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EN395 Dreaming in the Middle Ages: Fiction, Imagination, and Knowledge

dreamer

Dr Marco Nievergelt

General Presentation

The Module will focus on a set of medieval dream-vision poems, read and/or produced in England in the period 1250–1500. The poems will be placed in the intellectual and cultural context of the age. Alongside dream-vision poetry, we will thus be reading some medieval scientific literature on the nature of dreams, the workings of the human mind and imagination, and some medieval literary theory on the cognitive status of fiction and poetry, and the nature of interpretation.

Since Macrobius (5th century), medieval intellectuals and poets assumed that dreams could be classified: while some dreams were meaningless and delirious, others were thought to have symbolic and even prophetic meaning. Such dreams were often seen as transmitting spiritual or philosophical truths under the veil of symbolic visions and narratives that required interpretation. From about 1250 onwards, European poets employed such ideas to produce a series of first-person dream-vision poems. Such poems present seemingly ‘autobiographical’, first-person dream-narratives that call for interpretation.

On a deeper level, however, the poetic fiction of the dream also provides a speculative framework to explore a number of complex philosophical questions about the workings of the human mind, imagination, and reason. For instance: what kind of knowledge can we access through dreams – or indeed through the human faculty of the imagination, and through poetic fiction? If dreams – like poems – need to be interpreted correctly to enable us to access their true meaning, what are the imperatives of accurate interpretation? Are there different kinds, or degrees of knowledge? What is the relation of mental images to outward reality? How can the flawed human mind grasp some form of ultimate or absolute truth? Can truth be relative? Is human knowledge in this world always necessarily limited and imperfect? In what ways, exactly, do poetic fictions produce knowledge - and about what or whom? Is the knowledge mediated or produced by poetry reliable? What, ultimately, is the ‘value’ or ‘purpose’ of poetry?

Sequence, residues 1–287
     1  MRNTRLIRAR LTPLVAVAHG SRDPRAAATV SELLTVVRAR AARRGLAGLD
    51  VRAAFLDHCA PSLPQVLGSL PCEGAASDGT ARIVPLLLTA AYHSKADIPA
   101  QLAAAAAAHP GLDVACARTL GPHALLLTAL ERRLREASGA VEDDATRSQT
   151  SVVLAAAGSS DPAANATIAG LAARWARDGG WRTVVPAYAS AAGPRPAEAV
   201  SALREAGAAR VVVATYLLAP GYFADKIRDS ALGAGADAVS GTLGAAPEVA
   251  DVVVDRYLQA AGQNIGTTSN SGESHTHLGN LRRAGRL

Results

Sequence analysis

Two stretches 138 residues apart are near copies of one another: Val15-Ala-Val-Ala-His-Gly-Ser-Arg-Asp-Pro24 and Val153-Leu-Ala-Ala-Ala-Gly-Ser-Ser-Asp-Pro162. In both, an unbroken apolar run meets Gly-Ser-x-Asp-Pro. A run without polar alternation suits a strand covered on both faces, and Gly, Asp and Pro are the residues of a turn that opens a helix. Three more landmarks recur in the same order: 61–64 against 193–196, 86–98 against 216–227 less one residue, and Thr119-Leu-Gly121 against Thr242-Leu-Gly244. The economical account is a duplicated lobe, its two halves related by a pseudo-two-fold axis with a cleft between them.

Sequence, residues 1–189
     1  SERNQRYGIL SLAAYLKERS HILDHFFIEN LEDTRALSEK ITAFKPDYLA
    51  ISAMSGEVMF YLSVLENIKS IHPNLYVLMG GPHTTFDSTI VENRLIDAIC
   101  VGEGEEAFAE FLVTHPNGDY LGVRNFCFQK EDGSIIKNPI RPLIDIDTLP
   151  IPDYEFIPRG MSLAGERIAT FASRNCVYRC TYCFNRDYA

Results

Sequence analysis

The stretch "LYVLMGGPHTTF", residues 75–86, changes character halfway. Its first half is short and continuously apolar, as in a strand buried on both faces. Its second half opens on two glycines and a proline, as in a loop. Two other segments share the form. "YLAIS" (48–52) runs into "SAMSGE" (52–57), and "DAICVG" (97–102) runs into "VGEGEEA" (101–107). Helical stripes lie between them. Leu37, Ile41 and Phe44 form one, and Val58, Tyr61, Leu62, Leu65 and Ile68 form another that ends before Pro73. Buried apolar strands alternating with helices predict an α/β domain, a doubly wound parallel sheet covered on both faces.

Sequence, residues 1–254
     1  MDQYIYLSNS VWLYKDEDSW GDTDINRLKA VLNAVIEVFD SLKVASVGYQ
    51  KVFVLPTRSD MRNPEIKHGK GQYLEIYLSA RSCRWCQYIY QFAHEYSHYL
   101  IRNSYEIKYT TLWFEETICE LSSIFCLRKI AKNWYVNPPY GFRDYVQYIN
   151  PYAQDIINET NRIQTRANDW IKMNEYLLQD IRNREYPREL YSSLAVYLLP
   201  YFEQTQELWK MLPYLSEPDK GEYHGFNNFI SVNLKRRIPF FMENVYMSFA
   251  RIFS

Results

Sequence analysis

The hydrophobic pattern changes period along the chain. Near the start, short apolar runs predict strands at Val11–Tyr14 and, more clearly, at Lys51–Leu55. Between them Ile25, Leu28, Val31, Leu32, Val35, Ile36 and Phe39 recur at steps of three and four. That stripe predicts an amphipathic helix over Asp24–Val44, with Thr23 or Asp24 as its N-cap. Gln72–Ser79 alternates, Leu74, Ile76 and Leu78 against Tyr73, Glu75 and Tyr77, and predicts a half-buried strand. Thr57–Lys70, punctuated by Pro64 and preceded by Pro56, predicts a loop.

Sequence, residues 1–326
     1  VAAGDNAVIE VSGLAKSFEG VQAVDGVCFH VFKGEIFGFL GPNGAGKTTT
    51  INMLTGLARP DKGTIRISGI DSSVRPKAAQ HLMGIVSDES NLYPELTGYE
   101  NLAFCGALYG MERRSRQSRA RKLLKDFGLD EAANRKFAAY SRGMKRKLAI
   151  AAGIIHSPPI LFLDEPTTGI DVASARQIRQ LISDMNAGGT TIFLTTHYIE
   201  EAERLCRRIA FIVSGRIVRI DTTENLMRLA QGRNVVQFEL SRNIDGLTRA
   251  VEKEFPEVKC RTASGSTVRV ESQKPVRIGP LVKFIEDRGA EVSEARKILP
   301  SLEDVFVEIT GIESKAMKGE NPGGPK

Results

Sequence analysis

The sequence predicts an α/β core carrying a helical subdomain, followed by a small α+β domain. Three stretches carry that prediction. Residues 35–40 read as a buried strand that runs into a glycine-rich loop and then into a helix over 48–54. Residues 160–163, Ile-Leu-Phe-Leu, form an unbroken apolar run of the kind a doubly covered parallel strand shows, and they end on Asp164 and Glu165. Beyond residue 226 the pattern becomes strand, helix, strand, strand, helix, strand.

Dream-vision poetry, therefore, can’t be categorised simply as ‘literature’. Instead, such poetry offers its readers the possibility to engage in a series of thought-experiments, exploring human cognitive processes by means of fictional and counterfactual narratives.

Principal Learning Outcomes

By the end of the module, students will be able to:

• Demonstrate familiarity with the influential medieval tradition of dream-vision poetry.

• Possess a precise and nuanced understanding of some of the most important texts in this tradition, notably Chaucer’s works as well as their sources and later influence.

• Place the tradition as a whole, as well as its individual texts, within its cultural, intellectual, and literary context.

• Have gained some understanding of medieval scientific and medical theories about the nature of dreams.

• Have gained some understanding of the most important medieval debates in the area of philosophy of mind and imagination.

• Demonstrate some understanding of the most important medieval debates in the area of philosophy of language, and specifically poetics and rhetoric.

• Engage with relevant areas of medieval literary theory, especially hermeneutics (i.e. the theory of interpretation).

• Understand the speculative possibilities and philosophical potential of medieval literary texts.

• Consider poetry itself as a distinctive form of knowledge production.

Syllabus

Dreaming and Desiring

w1. Macrobius, Commentary on the Dream of Scipio; Roman de la Rose pt. 1

w2. Roman de la Rose pt. 2; Medieval Mirrors and Optics

Spiritual Visions

w3. Guillaume de Deguileville: The Pilgrimage of the Life of Manhode (selections)

w4. The Gawain-Poet: Pearl

Philosophical Chaucer? Dream Vision between ‘ernest’ and ‘game’

w5. Chaucer, ‘The Nun’s Priest’s Tale’, from the Canterbury Tales

w6. READING WEEK

w7. Boethius, The Consolation of Philosophy; Chaucer, The Book of the Duchess

w8. Chaucer, The House of Fame

w9. Chaucer, The Parlement of Foules; Prologue to The Legend of Good Women

Remembering Chaucer and Boethius

w10. James I of Scotland, The Kingis Quair

Assessment

• 1x5000 Word essay, from a given choice of topics

• Short in-class presentation (formative)